For each Landau level involved in the transition, we consider the energetically closest eigenstates of the flake. Given the size of our model system, we find that using 3040 (depending on the magnetic field and the Landau level index) is a good compromise between accuracy and numerical effort: the matrix dimensions of are given by , were the evaluation of each matrix element requires a double spatial integral with a Coulomb kernel. To keep the problem numerically manageable, we (i) restrict ourselves to first-order perturbation theory Landau:QM (), i.e. we include only the diagonal Coulomb matrix elements in Eq.(11) and (ii) reduce the size of the graphene flake to , to speed up the calculation of each matrix element. As we verified numerically, the diagonal elements , indeed, dominate. For each electron-hole pair the corresponding first-order energy correction to the noninteracting electron-hole transition energies is given by the diagonal matrix element


The binding energy of the exciton is in the diagonal approximation given by .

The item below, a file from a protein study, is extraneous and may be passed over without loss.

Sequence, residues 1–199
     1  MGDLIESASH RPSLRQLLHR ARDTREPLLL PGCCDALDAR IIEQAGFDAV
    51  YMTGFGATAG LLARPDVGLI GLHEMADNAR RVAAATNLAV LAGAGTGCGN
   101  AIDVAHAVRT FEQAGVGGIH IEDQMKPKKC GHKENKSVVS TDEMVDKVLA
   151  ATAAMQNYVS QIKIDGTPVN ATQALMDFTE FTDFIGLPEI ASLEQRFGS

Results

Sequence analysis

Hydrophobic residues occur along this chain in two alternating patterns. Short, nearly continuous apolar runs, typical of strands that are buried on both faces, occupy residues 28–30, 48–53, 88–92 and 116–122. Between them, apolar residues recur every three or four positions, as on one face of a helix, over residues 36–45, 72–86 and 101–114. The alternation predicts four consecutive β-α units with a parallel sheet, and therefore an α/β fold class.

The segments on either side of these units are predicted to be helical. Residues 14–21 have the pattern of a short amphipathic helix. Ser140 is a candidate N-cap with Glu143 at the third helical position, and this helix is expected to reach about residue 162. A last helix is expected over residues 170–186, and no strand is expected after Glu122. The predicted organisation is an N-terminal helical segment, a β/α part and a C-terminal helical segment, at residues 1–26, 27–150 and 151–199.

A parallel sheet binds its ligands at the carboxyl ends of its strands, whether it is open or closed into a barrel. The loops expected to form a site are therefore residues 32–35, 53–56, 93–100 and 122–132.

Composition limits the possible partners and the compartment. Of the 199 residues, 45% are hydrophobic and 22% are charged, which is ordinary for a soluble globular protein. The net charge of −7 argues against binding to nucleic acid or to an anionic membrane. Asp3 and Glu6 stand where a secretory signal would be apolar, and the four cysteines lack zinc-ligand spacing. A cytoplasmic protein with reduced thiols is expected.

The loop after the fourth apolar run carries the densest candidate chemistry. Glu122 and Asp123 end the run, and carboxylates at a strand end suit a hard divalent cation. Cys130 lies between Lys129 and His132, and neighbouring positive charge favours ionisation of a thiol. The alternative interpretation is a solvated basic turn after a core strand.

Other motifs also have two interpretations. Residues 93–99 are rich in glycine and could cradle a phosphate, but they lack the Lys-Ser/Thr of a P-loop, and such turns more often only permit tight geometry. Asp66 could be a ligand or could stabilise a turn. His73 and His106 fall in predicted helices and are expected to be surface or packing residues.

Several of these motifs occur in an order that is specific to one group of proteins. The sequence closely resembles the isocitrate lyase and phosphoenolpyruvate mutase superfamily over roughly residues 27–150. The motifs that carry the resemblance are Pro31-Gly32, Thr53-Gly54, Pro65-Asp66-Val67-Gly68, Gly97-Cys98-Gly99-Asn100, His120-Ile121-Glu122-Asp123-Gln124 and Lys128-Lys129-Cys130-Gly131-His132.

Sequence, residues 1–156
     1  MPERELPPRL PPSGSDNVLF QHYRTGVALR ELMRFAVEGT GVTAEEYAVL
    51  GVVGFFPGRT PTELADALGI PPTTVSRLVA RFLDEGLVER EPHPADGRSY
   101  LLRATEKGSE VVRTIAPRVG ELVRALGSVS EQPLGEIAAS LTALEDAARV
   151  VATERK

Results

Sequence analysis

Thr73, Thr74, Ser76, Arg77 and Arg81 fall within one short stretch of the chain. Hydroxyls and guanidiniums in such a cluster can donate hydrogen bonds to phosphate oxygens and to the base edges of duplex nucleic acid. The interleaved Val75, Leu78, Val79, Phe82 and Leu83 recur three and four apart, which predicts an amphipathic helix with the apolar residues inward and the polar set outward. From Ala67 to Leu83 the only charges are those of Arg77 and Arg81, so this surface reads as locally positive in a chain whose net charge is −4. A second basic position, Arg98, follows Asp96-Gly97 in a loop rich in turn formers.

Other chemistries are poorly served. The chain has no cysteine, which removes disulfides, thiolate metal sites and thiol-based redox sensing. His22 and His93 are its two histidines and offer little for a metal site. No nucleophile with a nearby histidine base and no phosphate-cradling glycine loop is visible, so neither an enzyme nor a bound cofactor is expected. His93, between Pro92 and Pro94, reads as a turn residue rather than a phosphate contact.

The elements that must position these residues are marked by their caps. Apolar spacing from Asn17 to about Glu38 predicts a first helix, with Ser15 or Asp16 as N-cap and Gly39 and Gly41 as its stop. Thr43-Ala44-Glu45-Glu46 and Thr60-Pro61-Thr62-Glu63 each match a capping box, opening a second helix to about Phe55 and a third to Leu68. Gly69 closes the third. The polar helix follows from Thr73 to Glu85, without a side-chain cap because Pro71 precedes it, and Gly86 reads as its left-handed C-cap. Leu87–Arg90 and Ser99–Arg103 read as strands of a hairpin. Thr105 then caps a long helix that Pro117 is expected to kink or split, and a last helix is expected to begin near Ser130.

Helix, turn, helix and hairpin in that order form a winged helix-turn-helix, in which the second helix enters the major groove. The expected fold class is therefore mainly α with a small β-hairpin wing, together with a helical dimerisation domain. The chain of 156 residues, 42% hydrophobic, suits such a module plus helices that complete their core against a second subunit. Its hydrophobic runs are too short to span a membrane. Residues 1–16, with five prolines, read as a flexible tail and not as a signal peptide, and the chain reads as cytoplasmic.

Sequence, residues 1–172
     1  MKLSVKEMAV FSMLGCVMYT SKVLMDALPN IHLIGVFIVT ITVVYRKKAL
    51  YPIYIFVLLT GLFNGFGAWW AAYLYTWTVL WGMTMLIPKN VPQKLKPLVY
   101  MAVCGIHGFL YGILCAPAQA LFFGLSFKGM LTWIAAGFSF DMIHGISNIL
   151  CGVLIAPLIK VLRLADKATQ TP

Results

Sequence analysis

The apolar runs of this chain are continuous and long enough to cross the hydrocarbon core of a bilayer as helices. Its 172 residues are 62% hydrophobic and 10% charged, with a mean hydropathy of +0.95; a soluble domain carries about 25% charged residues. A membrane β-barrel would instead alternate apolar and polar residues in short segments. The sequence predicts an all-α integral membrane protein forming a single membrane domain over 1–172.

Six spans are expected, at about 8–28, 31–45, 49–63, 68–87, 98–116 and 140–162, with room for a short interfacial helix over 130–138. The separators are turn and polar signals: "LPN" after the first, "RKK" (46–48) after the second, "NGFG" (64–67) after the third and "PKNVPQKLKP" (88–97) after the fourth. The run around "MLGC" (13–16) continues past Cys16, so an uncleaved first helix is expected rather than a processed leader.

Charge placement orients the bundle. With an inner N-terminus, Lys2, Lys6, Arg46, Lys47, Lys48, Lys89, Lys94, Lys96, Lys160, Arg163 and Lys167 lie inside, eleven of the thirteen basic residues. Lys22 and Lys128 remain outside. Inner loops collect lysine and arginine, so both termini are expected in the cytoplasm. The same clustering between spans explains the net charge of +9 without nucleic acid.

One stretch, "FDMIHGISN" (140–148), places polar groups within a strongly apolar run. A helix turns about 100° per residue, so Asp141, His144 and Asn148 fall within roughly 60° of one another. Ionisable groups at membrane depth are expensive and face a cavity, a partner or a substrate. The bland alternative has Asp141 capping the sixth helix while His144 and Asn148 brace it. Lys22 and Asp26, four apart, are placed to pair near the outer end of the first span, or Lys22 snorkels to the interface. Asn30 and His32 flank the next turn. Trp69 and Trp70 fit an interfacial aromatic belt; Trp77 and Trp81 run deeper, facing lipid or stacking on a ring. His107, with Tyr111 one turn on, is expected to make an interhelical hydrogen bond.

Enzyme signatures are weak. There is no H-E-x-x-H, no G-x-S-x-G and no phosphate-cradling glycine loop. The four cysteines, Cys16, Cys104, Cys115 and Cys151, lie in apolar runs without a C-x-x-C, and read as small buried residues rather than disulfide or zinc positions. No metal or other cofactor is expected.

The optical conductivity of each electron-hole pair, which is related to the dipole matrix element between the electron and hole eigenstates, is calculated using Eq.(4), however, now with the excitonic energy contribution included. First-order perturbation theory results in a pronounced shift of the T, T and T transition lines in the direction of smaller photon energies, when comparing the noninteracting single particle picture [black traces in Fig.3(a,b,c)] with the two-particle correction [green traces in Fig.3(a,b,c)]. The position and the width of the spectral lines is determined by their first and second moments. Neglecting the excitonic effect the transition energies [black dots in Fig.3(d)] agree well with the analytical prediction for inter-Landau levels optical transitions given by Eq.(3) [black curves in Fig.3(d)] with a Fermi velocity m/s determined by our choice of tight-binding parameters for pristine graphene. In contrast, the two-particle excitonic corrections shift the lines to lower transition energies [green data points in Fig.3(d)]. A fit of these transition lines to the analytic prediction yields now line-specific Fermi velocities. In particular, for T the Fermi velocity is m/s; for T, m/s and for T, m/s. Such a velocity renormalization, also seen in the experiment Chen14 (); Jiang07 (), clearly reflects excitonic effects. To distinguish effects of the Landau-level specific velocity renormalization from other bandstructure effects that uniformly affect all transitions, we consider the ratio of the renormalized Fermi velocities of T transitions to that of T. We find reasonable agreement with the experiments Chen14 (); Jiang07 () measuring optical inter-Landau levels transitions for graphene on SiO and also with alternative theoretical approaches for bulk graphene Bychkov08 (); Shizuya10 () [Fig.3(e)]. The present tight binding ansatz allows for including long-range disorder, such as puddles observed in graphene on SiO. We account for the effects of charge puddles by applying a smooth disorder potential with an amplitude of 25 meV (50 meV) and a correlation length of 10 nm (5nm) Martin07 (). Disorder only slightly modifies the theoretically calculated line shifts and velocity renormalization. The resulting optical inter-Landau levels transition lines remain well-defined in the presence of disorder in agreement with magneto-optical experiments for graphene on SiO.